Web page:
Whipping Star

Chapter Twenty

Providence and Manifest Destiny are synonyms often invoked to support arguments founded in wishful thinking.

- from The Wreave Commentary

It was midafternoon on Central before Tuluk sent for McKie to return to the lab. Two squads of enforcers accompanied McKie. There were enforcers all around in augmented force. They watched the air, the walls, the floors. They watched each other and the space around their alternate numbers. Every sentient carried a raygen at the ready.

McKie, having spent two hours with Hanaman and five of her aides in Legal, was ready for down-to-dirt facts. Legal was moving to search every Abnethe property, to seize every record they could find - but it was all off there somewhere in the rarefied atmosphere of symbols. Perhaps something would come of it, though. They had a telocourt order, reproduced thousands of times, giving the Bureau's enforcement arm sufficient authority for search on most worlds outside the Gowachin pale. Gowachin officials were moving in their own way to cooperate - exonerating sufficient enforcers, clearing the names of appropriate police agencies.

Crime-One police on Central and elsewhere were assisting. They had provided enforcers, opened files normally not privileged to BuSab, temporarily linked their identification and modus computers to BuSab's core.

It was action, of course, but it struck McKie as too circuitous, too abstract. They needed another kind of line to Abnethe, something connected to her which could be reeled in despite any of her attempts to escape.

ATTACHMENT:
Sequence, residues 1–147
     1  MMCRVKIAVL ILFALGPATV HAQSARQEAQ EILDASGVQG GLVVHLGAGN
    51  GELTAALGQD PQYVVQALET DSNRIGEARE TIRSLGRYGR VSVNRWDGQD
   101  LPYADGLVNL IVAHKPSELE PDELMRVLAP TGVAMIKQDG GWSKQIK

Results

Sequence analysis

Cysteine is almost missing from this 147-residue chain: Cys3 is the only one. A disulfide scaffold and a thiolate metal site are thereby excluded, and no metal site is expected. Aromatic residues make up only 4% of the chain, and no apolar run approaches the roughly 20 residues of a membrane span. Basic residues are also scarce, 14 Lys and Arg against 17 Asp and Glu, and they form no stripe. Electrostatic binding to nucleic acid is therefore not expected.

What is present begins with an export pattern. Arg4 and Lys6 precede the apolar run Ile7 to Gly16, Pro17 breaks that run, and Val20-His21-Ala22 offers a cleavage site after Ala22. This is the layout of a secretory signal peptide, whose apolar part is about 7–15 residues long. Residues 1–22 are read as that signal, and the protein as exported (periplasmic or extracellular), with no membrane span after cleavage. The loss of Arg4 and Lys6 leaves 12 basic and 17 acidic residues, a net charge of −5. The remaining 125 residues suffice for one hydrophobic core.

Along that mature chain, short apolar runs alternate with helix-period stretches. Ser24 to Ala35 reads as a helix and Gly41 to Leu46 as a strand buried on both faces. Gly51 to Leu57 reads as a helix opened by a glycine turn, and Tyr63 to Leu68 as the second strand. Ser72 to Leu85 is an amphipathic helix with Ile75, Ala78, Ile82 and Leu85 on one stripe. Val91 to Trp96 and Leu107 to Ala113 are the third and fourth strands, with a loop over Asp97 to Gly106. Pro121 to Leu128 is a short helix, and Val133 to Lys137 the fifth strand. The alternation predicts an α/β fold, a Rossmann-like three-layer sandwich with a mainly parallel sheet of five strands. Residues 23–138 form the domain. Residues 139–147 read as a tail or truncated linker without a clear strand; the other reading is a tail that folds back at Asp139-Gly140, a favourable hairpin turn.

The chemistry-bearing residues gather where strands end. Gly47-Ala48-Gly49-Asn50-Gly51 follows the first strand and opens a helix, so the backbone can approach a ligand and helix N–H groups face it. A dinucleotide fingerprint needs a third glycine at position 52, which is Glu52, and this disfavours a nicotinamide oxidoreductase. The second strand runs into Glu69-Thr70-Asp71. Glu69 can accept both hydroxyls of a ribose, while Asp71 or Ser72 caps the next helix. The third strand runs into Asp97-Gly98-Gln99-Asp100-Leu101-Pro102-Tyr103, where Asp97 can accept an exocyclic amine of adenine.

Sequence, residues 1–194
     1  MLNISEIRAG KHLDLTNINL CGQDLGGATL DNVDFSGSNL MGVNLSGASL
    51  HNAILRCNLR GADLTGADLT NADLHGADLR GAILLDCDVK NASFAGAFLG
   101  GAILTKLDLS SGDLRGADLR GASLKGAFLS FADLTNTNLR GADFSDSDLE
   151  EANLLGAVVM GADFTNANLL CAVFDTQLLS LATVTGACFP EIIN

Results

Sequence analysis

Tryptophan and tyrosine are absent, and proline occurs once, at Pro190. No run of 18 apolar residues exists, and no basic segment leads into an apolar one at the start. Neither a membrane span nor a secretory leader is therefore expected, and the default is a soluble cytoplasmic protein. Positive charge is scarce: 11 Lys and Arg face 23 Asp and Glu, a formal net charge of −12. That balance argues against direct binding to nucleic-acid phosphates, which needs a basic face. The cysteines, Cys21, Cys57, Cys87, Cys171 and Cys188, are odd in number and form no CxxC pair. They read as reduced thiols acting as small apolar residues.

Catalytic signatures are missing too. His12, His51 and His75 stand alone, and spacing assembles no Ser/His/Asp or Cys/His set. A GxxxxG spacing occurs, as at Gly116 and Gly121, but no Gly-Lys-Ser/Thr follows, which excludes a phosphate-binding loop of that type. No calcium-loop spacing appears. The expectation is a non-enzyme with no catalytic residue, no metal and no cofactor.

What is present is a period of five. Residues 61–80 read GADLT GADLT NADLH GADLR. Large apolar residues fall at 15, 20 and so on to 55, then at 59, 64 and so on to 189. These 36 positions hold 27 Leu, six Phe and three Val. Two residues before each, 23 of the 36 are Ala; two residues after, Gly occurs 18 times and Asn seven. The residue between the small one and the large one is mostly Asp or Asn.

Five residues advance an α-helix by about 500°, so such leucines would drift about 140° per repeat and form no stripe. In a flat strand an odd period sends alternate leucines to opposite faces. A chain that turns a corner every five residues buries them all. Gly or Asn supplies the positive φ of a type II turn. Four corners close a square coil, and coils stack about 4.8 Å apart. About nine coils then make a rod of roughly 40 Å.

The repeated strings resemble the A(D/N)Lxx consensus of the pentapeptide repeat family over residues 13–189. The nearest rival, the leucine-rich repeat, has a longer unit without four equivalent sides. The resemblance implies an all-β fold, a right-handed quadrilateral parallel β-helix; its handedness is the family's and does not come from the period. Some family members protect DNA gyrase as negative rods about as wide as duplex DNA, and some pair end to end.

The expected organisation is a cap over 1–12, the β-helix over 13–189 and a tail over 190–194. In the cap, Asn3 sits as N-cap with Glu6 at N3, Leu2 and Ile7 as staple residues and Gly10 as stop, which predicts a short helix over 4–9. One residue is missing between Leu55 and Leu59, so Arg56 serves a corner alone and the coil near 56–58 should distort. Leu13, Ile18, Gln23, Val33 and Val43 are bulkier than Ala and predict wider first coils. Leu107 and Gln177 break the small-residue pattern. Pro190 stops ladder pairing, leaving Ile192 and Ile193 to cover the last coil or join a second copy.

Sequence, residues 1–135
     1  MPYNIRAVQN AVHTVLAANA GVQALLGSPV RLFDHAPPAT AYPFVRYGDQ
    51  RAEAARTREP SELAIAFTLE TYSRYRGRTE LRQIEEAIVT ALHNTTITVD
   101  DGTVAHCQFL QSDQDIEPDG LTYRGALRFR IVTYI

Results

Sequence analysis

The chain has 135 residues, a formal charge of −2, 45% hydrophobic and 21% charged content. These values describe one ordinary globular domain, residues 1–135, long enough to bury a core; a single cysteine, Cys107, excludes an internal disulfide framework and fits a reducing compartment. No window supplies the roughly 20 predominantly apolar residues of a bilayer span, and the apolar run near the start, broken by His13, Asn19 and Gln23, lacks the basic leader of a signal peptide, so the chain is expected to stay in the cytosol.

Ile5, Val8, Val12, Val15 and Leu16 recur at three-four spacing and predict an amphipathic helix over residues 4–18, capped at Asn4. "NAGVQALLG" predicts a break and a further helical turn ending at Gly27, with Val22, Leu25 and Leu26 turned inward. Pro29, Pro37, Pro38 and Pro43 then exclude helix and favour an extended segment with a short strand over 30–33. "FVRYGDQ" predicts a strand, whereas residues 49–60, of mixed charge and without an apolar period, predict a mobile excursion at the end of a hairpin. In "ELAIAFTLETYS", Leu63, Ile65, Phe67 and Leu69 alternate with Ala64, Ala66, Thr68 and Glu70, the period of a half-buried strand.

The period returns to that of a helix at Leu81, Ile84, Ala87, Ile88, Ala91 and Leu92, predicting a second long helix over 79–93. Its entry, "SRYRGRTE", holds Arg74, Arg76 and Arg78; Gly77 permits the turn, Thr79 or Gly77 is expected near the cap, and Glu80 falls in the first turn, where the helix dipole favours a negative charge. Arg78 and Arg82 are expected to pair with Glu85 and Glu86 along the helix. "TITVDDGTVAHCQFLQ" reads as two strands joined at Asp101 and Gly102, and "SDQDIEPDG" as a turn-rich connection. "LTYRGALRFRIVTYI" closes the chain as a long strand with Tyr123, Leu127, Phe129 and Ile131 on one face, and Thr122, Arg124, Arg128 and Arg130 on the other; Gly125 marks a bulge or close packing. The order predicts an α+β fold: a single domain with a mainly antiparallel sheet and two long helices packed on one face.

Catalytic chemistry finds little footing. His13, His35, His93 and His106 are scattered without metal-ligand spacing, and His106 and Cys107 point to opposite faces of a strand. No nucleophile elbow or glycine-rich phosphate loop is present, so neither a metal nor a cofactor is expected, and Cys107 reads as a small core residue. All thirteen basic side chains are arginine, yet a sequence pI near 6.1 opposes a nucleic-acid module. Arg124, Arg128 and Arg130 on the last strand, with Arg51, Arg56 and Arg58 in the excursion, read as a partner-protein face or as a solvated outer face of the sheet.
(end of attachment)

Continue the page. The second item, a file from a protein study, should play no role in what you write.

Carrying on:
He felt now that he lived in a flushed-out spirit.

Nooses, blades, gnashing jumpdoors - there was no mercy in the conflict which engaged them.

Nothing he did slowed the dark hurricane that hurtled toward the sentient universe. His nerves punished him with sensations of rough, grasping inadequacy. The universe returned a glassy stare, full of his own fatigue. The Caleban's words haunted him - self-energy . . . seeing moves . . . I am S'eye!

Eight enforcers had crowded into the small lab with Tuluk. They were being very self effacing, apologetic - evidence that Tuluk had protested in that bitingly sarcastic way Wreaves had.

Tuluk glanced up at McKie's entrance, returned to examination of a metal sliver held in stasis by a subtron field beneath a bank of multicolored lights on his bench.

"Fascinating stuff, this steel," he said, lowering his head to permit one of his shorter and more delicate mandibular extensors to get a better grip on a probe with which he was tapping the metal.

"So it's steel," McKie said, watching the operation.

Each time Tuluk tapped the metal, it gave off a shimmering spray of purple sparks. They reminded McKie of something just at the edge of memory. He couldn't quite place the association. A shower of sparks. He shook his head.

"There's a chart down the bench," Tuluk said. "You might have a look at it while I finish here."

McKie glanced to his right, saw an oblong of chalf paper with writing on it. He moved the necessary two steps to reach the paper, picked it up, studied it. The writing was in Tuluk's neat script.

Substance: steel, an iron-base alloy. Sample contains small amts manganese, carbon, sulfur, phosphorus, and silicon, some nickel, zirconium, and tungsten with admixture chromium, molybdenum, and vanadium.